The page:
Understanding, experience and technology for success
Supplier quality issues like non-conformance management, product recalls and product failures are proving fatal for global organizations. More than ever, companies need to proactively address their supplier quality issues before they can damage businesses operations and cause serious supply chain risks and financial losses; especially when current business conditions are unfavorable. Most companies are already feeling the heat of the current financial meltdown, putting Chief Procurement Officers (CPOs) and their teams under intense pressure to reduce costs and improve cash flow while simultaneously managing an increasingly vulnerable supply base. As recession starts to bite, there is no place left for supply chain disruptions; any discrepancy in supplier quality can significantly reduce company’s revenue, impact market share, increase production cost, threaten brand image and reputation, and lead to high Cost of Poor quality (COPQ). According to a recent AMR survey, almost 67% of the cost of poor quality can be attributed to supplier failure. In an ATS commissioned survey1, the average cost of poor quality calibration costs manufacturers $1,734,000 each year; especially for large companies with revenues of more than $1 billion, the cost inflates to an average of $4,000,000 annually. Organizations can attain systematic reductions in the cost of poor quality by implementing a Quality Management System (QMS) that provides an integrated and closed loop corrective action process.
Supplier Quality Management Measures: Preventing Supply Chain Disruptions
According to AMR, supplier quality plays a critical role attributing to almost 52% of the overall manufacturing performance. In such a scenario, the need to implement streamlined supplier quality management measures can never be over emphasized. Some of the measures employed by leading global manufacturers include:
However, the best way to control quality is to prevent non-conformity at the source. Following this adage, most organizations today are spending a little more time upfront to identify the discrepancies, non-conformances in manufacturing and quality process at the supplier’s site itself.
Site Inspections: Addressing the Causes, Not the Effects
Most organizations today, undertake on-site supplier inspections to compare actual vs. required policy and practice standards. They employ evaluation techniques such as questionnaires, checklists, survey forms and rating systems which generate quality indices and reports on the supplier site itself; allowing them to undertake prompt remedial action if required. Onsite Inspection activities include pre-shipment inspection, random sampling, during- production inspection, and container loading check.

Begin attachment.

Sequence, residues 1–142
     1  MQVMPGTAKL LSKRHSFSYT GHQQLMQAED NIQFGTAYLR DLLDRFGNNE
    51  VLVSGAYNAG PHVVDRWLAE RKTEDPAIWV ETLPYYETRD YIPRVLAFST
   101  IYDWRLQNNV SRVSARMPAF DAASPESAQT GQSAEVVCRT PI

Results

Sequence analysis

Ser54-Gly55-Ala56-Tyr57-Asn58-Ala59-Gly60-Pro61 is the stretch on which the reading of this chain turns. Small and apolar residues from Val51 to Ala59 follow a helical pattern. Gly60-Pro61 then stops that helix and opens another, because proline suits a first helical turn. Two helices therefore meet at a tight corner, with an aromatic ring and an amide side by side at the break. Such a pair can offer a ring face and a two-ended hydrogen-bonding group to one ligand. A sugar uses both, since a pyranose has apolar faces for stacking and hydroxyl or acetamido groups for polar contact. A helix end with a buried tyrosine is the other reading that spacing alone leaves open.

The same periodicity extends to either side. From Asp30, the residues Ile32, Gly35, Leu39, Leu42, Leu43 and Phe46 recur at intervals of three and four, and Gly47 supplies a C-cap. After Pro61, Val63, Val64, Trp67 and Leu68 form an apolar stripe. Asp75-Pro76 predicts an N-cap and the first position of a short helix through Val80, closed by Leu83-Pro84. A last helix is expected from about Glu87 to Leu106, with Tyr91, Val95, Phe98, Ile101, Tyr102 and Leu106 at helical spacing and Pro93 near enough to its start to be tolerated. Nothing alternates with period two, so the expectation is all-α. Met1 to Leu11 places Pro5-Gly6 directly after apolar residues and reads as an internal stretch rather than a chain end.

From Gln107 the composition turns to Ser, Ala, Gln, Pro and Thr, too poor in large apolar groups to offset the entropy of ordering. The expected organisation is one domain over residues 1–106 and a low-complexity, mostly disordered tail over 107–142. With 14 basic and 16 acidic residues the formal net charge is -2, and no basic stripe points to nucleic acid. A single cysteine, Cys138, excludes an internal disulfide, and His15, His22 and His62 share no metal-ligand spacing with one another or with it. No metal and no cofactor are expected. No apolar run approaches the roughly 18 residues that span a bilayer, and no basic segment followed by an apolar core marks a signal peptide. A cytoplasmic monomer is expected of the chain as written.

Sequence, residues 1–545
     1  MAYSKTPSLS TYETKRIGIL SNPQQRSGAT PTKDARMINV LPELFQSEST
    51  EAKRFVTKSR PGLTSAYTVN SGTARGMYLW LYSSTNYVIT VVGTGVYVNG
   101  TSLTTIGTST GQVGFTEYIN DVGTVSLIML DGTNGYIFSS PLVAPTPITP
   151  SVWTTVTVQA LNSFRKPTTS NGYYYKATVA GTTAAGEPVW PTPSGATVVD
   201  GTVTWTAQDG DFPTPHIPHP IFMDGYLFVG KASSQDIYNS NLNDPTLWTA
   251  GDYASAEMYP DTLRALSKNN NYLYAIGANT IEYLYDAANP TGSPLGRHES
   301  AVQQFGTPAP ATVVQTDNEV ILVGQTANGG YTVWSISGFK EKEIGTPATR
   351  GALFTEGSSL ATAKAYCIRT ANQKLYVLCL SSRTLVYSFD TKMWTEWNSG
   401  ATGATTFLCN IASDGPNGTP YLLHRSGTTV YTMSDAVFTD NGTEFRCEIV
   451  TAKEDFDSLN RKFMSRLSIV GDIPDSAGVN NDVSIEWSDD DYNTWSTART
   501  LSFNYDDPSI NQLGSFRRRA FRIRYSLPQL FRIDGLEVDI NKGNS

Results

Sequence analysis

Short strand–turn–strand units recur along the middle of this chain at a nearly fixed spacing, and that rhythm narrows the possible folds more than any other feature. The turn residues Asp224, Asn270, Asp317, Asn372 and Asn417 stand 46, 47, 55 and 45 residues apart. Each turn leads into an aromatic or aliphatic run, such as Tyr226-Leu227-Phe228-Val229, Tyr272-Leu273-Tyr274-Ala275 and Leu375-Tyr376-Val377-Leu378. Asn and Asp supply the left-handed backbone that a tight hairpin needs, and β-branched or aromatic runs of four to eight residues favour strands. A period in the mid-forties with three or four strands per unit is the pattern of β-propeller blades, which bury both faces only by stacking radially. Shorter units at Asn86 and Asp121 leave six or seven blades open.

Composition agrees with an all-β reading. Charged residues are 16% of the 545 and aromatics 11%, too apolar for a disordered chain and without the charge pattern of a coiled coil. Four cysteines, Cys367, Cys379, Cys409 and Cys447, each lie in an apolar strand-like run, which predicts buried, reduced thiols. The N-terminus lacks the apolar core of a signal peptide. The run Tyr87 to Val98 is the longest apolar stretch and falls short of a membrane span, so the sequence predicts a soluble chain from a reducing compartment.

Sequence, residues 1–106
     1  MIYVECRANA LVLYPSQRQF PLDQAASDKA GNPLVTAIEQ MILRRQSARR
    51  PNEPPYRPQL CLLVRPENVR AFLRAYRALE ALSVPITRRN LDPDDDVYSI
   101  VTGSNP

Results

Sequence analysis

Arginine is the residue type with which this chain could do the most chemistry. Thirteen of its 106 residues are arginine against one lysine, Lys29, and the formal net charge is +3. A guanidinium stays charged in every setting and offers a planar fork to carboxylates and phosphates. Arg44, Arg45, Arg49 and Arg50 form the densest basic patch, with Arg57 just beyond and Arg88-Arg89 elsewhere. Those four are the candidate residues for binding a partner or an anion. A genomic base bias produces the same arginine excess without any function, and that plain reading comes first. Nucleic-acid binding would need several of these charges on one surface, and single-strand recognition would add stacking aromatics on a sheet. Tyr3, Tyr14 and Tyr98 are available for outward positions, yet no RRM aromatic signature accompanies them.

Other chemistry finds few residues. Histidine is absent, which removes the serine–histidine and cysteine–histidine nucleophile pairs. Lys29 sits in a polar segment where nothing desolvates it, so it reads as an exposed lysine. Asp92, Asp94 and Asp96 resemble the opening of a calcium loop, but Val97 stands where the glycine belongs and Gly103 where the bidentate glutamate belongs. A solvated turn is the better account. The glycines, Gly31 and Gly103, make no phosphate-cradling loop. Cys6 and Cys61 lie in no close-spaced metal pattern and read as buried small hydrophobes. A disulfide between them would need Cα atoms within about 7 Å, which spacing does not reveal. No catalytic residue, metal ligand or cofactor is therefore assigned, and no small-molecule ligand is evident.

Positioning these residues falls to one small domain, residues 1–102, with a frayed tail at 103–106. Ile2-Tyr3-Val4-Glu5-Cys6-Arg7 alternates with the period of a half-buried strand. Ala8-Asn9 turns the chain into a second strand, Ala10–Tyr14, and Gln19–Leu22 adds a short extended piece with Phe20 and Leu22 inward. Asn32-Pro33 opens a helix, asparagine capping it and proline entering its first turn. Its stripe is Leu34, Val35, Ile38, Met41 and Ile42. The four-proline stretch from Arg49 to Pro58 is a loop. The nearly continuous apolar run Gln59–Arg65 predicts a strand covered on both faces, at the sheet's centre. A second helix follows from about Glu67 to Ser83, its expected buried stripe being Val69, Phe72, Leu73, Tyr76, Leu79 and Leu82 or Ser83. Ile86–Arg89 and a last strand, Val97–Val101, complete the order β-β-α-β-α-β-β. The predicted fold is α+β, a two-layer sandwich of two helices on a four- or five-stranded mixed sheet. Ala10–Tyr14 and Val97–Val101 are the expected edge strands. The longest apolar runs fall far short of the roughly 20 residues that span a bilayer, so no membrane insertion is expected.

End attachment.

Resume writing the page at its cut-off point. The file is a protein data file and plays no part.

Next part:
By capturing, analyzing, and assessing quality related issues, site inspections create total transparency and visibility into the supply chain - providing instant traceability and real time monitoring across the supplier network. Its scope includes
Key Benefits of Site Inspections: Benchmarking Supply Quality Standards
From management perspective, site inspections accrue a quantifiable return on investment - fast and just-in-time quality production and reduction of both order cycle times and inventory levels. Few of the tangible rewards are listed below:
Technology Driven Solutions: Getting the Best Out of Site Inspections
Site inspections provide insight and visibility to potential supplier problems so that they can be rectified on time. This helps in ensuring quality procurement, compliance adherence, and costs reduction. Below are the ways by which you can leverage technology to ensure that your site inspections become beneficial in enhancing supplier quality:
Quality issues not discovered and addressed prior to shipment can hurt the bottom line of any organization. World-class manufacturers are realizing the need to maintain a consistent and systematic quality process to gain real time inspections data with analytics of trend analysis. AMR2 reports in 2007 survey that 46% of companies planned to implement supply chain risk management technology in the next 12 to 24 months. Leading organizations are replacing their manual and paper-based systems with technology-driven solutions, like MetricStream (www.metricstream.com), to achieve complete automation of supplier quality management. By improving operational efficiencies in quality systems, automated solutions enables companies to create a transparent environment for proactively identifying, tracking and resolving quality issues. Moreover, the embedded best practices for supporting key processes and requirements for standards and regulations such as ISO 9000 and FDA cGMPs lower the cost of regulatory compliance and risk of noncompliance.